Chet Raymo on Santa Claus, Hot Stoves, and the Blooming, Buzzing Confusion

We cannot live without some sorts of make-believe in our lives. Without made-up maps of the world, life is a buzzing, blooming confusion. Some elements of our mental maps (Santa Claus) satisfy emotional or aesthetic inner needs; other elements of our mental maps (a hot stove) satisfy intellectual curiosity about the world out there. We get in trouble when the two kinds of maps are confused, when we objectify elements of make-believe solely on the basis of inner need.

The passage is from Chet Raymo’s book Skeptics and True Believers: The Exhilarating Connection between Science and Religion (1998). Raymo is Professor Emeritus of Physics, raised as a Catholic, with a religious sensibility alongside a firm skepticism. He recently stopped posting on his blog, Science Musings, but the inspiring archives remain open.

We all carry around mental maps of the world—images and words that guide us—that should not be confused with the real world itself. Raymo writes about the two kinds of entries on our maps. Some entries reflect our neediness, since we were children, for emotional comfort, simple explanations, and a sense of our own importance. Santa Claus is on the map for many children. When we’re adults, other superstitions, miracles and astrology often take Santa’s place. Such beliefs help many of us make sense of the world. They also help us feel we have a place in it, for there is nothing worse than thinking that we are only insignificant specks.

As Raymo puts it, these are beliefs about what we yearn for. In contrast, we also put on our maps more objectively realistic items that we learn about. These include the facts that stoves can burn us and that dinosaurs and humans did not walk the earth at the same time.

Artificial island in the Maldives, in the Indian Ocean (pinterest)

An artificial island in the Maldives, in the Indian Ocean
(pinterest)

But—and here’s what makes the book so valuable—Raymo is not saying simply that we should value the learn items and let go of the yearn ones. For a person who values only objective knowledge runs the risk of becoming cold and arrogant. We need a mix of worthwhile knowledge along with an appreciation of what we don’t know and yearn to understand.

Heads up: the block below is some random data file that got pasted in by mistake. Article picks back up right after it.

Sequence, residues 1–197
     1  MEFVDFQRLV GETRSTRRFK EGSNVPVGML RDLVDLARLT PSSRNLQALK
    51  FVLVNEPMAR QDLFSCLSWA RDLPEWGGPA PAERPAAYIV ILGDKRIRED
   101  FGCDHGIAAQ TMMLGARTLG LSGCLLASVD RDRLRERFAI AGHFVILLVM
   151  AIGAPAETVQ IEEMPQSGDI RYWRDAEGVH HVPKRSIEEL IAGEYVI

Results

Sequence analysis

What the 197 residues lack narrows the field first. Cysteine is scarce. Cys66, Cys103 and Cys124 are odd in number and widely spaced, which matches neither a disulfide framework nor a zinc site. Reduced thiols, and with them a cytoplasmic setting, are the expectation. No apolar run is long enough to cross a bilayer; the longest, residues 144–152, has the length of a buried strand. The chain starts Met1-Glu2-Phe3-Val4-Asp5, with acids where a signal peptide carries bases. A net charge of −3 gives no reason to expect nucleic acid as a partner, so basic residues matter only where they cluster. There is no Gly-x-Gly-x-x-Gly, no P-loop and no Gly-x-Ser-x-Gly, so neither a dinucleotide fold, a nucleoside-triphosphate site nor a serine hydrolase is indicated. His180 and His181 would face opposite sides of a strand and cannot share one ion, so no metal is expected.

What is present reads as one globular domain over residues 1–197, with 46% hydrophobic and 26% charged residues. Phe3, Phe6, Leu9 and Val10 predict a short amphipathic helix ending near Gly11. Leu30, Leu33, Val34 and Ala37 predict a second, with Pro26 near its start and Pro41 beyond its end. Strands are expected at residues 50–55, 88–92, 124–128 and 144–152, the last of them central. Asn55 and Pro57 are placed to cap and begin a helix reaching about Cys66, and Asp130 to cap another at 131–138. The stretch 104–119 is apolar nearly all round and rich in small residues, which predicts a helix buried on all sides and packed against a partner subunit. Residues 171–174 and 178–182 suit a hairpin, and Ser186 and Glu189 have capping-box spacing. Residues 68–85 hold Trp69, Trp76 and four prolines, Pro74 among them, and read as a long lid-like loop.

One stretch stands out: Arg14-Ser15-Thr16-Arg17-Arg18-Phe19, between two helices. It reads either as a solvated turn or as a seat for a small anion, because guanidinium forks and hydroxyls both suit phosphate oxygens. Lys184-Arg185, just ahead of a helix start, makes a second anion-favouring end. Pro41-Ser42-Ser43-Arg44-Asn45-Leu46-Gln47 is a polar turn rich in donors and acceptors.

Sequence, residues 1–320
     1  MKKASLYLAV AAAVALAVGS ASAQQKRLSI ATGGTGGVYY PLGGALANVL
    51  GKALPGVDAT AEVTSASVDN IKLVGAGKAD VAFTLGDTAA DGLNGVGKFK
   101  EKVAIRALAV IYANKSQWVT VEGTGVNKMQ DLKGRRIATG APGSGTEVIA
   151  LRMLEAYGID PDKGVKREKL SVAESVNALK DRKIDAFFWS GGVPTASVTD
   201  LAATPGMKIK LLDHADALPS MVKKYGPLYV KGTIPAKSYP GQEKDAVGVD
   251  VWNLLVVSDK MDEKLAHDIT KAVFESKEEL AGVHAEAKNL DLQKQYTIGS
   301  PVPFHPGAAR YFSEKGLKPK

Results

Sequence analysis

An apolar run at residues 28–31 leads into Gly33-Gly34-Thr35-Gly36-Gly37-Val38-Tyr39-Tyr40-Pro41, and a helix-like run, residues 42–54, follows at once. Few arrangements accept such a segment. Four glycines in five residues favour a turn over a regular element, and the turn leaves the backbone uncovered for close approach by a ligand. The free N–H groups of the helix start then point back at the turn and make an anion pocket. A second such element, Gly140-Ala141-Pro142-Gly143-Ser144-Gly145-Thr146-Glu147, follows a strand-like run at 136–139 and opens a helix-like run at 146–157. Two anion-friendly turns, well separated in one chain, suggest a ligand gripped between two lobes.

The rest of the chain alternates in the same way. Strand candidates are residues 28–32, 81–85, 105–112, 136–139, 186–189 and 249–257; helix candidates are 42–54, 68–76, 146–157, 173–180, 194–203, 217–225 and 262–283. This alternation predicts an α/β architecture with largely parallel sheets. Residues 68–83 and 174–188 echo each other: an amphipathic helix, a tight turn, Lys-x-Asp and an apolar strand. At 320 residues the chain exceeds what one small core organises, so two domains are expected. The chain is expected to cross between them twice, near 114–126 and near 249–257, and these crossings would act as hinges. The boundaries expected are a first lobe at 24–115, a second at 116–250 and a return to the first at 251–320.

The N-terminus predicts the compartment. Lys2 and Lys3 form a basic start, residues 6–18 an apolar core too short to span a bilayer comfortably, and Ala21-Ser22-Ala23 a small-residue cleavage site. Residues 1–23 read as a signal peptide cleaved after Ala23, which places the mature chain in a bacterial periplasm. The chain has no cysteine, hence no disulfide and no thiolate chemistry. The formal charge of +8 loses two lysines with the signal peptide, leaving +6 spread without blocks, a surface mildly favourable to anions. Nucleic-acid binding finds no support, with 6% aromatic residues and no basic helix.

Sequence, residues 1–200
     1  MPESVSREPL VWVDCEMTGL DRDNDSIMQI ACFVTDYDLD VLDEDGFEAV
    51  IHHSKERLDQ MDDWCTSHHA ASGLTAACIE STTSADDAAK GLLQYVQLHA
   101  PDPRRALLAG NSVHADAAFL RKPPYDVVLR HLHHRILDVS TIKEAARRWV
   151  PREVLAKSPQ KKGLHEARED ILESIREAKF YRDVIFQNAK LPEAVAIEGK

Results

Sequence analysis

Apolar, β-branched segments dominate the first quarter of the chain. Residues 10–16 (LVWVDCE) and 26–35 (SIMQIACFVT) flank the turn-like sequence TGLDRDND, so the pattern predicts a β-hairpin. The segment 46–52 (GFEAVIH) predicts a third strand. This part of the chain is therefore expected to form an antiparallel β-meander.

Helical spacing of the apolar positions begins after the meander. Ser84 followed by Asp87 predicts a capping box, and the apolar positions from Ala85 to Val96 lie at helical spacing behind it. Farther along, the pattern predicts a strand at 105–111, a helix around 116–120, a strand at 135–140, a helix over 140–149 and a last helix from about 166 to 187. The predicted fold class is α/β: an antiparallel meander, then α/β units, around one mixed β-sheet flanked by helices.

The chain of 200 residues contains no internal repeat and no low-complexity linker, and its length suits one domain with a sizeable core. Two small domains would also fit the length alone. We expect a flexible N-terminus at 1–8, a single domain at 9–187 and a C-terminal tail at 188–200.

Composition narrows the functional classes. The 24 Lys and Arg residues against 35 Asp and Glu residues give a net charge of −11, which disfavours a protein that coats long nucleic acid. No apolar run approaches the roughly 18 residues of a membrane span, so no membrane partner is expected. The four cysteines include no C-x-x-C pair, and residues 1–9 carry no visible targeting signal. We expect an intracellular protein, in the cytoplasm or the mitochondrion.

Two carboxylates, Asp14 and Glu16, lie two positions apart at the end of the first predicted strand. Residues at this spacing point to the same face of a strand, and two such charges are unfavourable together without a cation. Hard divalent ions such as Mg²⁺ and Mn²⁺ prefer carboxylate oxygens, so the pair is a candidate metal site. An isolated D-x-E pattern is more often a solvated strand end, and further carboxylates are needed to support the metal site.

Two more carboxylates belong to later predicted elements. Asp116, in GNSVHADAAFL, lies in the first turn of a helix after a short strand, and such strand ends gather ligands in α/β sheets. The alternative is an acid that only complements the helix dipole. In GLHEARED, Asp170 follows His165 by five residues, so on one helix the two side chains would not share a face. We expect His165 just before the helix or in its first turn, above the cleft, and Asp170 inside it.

Raymo’s central metaphor for all this is that our map resembles an island in a sea of mystery. The island is our knowledge and the sea is the actual, mysterious, and infinite universe around us. On our island, “We dredge up soil from the bed of mystery and build ourselves room to grow. And still the mystery surrounds us. It laps at our shores. It permeates the land.” When such thinkers as Galileo and Einstein illuminate some of the mystery, that mystery sweeps in on a tidal wave and overwhelms much of what we thought we had known for sure. So we rebuild.

As we expand the island and extend its shores, the border between the land and the sea, instead of shrinking, grows longer. That is, the more we know about the objective world, the more that the mysteries of existence beckon the scientists, artists, and other creative people who are open to them. Raymo’s book appeared in 1998, but his metaphor of this extended shoreline fits well with recent discoveries of the many planets circling other stars and with the neuro-imaging of the brain. Both advances in knowledge have, instead of dulling our sense of mystery, excited and extended it.

Where on the island, Raymo asks, do we find the best and most creative work being done? At the shoreline. “We are at our human best as creatures of the shore, with one foot on the hard ground of fact and one foot in the mystery of the sea.”

The stance describes Raymo himself. And it reminds me that to relish both our knowledge of living things along with our sense of the mystery of being alive is a good place to be.

What Is the “Nature” In Naturalism?

Religious or spiritual naturalism (I’ll use spiritual for both) is a subject dear to my heart. But sometimes I wonder about what exactly we have in mind when we use the word nature. In what I read and even in what I’ve written, the meaning of nature seems prone to being shifted or narrowed to suit the discussion. I bring up the topic with some trepidation because nature is at the core for groups I am happily part of. But maybe that’s a good reason to raise it.

Virtually everyone values nature in the form of the woods, the fields, the mountains and ocean, the animals, plants, the air and water around them. But if asked for a definition of nature, spiritual naturalists offer up a generally accepted definition that is much broader than any of this earthly scenery. Nature as spiritual naturalists conceive of it is all that would not be considered supernatural. Nature refers to the universe of materials and forces that we perceive with our senses and that scientists infer from their observations.

But the breadth of this definition may take us places we had not planned on going. We often reiterate, for example, that we humans are part of nature. But many people might be reluctant to include our cities, cars, computers, pollution and other human products as part of nature, even though all of these fall within the category of things in the universe.

Another complication in labeling the whole universe as nature is that this natural vastness possesses almost none of the characteristics that we often attribute to it. The light at sunset shines in various wavelengths, but without humans to admire those sunsets, they would not be so famously gorgeous. Similarly, while the universe may resemble organic life in its evolution and its cycles, the universe—nature in its totality— is not “alive” in our usual sense of the word. In short, apart from certain principles of physics, nature has no universal characteristics at all, no living qualities, no values.